Rojava: Chapter 1 (introduction)

During “the epoch of classical Islamic civilisation”, according to LibCom.org, the whole “Arab region was definitively wrenched out of its past”.[1] Iraqi-born theoretical physicist Jim Al-Khalili, meanwhile, insists that, as Europe languished in the so-called ‘Dark Ages’, “incredible scientific advances were made in the Muslim world”, with the Ottoman Empire overseeing much of this progress.[2] However, for a number of reasons, the empire began to decline in the 17th century, and eventually fell apart at the end of the First World War (having chosen to support the wrong side in the conflict between European imperialist powers). The Muslim World, for so long guided by the Ottomans, was now left without a pan-Islamic institution, and the powerful European states sought to divide it in order to prevent the creation of another large Muslim empire that could challenge their own supremacy.

The efforts of these superpowers inevitably created friction in the region, and only after the Second World War would attempts to unite it gain momentum. However, it was primarily the Arab section of the Muslim World that sought unity, with the Arab League being established in 1945 and Arab nationalism looking set to become the main political opponent of pro-Western monarchies in the region. The creation of Israel in 1948, however, divided the Arab World geographically, stifling the endeavours of its newly independent countries to create a unified Arab nation. Israel’s predisposition towards violence, meanwhile, had already generated fierce responses both from Islamists and from Arab nationalists.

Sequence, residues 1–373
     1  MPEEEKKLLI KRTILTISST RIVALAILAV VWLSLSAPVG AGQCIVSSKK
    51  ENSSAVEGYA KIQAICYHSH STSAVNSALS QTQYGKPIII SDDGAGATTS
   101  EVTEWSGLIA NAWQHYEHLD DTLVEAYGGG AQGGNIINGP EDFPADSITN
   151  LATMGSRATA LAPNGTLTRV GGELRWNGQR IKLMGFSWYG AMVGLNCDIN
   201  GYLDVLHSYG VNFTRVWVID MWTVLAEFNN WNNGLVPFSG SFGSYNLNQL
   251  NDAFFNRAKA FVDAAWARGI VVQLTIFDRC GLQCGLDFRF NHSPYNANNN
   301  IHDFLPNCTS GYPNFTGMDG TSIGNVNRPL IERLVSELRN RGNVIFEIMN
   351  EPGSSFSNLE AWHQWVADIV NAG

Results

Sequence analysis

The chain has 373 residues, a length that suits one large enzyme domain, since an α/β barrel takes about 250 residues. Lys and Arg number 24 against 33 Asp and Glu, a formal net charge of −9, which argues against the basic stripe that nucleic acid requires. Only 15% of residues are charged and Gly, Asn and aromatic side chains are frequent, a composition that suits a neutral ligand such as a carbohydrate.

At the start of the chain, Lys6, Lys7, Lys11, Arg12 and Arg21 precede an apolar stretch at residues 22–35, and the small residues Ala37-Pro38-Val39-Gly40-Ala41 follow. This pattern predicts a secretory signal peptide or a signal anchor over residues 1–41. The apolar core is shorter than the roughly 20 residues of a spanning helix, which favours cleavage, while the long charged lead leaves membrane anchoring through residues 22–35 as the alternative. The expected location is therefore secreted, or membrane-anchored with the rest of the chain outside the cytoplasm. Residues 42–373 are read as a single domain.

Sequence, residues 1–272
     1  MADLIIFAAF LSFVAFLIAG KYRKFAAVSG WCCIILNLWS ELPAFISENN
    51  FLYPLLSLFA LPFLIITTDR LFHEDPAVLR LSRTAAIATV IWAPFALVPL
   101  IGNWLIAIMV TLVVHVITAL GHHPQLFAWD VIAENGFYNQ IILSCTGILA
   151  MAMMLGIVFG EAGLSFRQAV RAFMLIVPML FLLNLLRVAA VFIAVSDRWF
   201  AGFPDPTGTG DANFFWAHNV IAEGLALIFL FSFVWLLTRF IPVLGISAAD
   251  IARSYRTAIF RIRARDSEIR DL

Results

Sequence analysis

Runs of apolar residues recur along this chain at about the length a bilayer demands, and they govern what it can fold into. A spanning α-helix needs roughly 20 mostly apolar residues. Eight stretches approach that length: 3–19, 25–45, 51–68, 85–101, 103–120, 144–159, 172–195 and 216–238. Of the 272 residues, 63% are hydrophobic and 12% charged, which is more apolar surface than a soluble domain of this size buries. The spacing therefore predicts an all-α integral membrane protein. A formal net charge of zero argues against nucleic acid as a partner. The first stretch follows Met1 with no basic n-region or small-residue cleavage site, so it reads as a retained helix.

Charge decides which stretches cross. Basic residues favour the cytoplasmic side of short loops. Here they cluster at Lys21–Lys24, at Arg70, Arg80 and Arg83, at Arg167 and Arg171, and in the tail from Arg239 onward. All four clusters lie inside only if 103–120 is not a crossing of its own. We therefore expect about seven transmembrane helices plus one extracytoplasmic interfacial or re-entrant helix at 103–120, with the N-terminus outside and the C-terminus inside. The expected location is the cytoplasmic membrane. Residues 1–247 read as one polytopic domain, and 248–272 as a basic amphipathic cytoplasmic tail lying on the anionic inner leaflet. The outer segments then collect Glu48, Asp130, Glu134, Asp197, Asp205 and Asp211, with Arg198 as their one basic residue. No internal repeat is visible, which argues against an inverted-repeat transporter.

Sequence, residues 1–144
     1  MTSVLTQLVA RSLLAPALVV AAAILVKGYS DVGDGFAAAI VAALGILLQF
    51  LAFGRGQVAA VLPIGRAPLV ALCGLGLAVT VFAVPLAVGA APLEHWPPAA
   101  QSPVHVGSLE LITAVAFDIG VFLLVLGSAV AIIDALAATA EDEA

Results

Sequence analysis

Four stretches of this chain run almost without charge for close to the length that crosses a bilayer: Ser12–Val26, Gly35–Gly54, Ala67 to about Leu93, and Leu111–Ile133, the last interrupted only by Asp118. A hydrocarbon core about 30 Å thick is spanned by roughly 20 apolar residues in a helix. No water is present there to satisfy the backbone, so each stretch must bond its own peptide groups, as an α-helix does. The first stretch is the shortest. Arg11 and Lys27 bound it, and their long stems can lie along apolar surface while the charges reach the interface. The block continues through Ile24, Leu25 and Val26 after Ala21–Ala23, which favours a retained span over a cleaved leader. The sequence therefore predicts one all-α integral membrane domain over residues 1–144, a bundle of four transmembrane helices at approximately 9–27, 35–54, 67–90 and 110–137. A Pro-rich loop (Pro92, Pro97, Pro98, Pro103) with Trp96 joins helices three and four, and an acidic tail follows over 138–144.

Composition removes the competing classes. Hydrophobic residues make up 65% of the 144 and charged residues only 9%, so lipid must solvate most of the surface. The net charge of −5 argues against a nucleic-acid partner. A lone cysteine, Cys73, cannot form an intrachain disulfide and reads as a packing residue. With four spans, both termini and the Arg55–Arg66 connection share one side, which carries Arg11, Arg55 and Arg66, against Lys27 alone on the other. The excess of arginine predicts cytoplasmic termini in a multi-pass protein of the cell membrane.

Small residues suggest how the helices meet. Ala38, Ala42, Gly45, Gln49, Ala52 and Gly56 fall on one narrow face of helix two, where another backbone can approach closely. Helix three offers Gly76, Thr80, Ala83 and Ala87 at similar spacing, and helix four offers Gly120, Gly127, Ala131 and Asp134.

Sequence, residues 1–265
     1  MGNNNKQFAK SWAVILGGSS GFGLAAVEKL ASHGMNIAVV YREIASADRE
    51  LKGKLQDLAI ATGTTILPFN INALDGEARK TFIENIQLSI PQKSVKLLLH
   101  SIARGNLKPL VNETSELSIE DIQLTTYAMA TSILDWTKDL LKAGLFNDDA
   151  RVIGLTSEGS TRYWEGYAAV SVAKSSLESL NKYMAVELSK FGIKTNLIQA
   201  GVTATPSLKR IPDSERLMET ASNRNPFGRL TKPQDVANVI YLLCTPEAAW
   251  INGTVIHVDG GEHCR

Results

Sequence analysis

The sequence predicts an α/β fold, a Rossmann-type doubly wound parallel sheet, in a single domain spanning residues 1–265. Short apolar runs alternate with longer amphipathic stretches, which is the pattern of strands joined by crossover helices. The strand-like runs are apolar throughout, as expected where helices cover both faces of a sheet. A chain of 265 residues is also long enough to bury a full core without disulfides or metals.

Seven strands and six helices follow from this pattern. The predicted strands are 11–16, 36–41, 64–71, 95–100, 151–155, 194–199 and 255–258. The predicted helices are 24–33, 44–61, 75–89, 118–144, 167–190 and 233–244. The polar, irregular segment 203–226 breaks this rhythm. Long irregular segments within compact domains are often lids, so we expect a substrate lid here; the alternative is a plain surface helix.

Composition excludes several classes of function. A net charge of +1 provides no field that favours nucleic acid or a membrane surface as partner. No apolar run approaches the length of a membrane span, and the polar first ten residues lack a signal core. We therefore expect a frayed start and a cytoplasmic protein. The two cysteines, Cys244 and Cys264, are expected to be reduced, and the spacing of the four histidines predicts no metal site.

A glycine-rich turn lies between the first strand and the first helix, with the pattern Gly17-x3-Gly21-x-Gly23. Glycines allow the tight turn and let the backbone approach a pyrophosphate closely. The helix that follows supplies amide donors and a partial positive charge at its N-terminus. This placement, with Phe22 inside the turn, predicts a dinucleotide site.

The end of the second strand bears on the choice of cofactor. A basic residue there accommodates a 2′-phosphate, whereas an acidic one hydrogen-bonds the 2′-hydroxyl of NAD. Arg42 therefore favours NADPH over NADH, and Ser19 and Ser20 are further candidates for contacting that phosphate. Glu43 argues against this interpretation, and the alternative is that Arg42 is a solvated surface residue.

The focus of this chapter of the book is to give an overview of the recent history of key countries in the Muslim World, and especially in what is today referred to as the Middle East. Without this historical context, it is impossible to truly understand the current political situation and, without such understanding, there is no way that the region’s conflicts will ever truly be resolved. Therefore, instead of delving into political theory or suggesting solutions, this chapter will focus purely on outlining historical details. A large part of the information summarised below comes from TeachMideast.org[3], unless otherwise specified.

[1] https://libcom.org/library/national-formation-arab-region-critique-samir-amin-mohammad-jafar

[2] http://www.theguardian.com/science/2010/feb/01/islamic-science

[3] http://www.teachmideast.org/essays/28-history/42-timeline-of-the-middle-east-in-the-20th-century

About Oso Sabio

Independent author and poet writing about the Rojava Revolution, the autonomous Zapatista communities in Chiapas, and other examples of libertarian socialist and anti-capitalist resistance. Catch me on Twitter at @ososabiouk. Also known as Ed Sykes and Marcos Villa.
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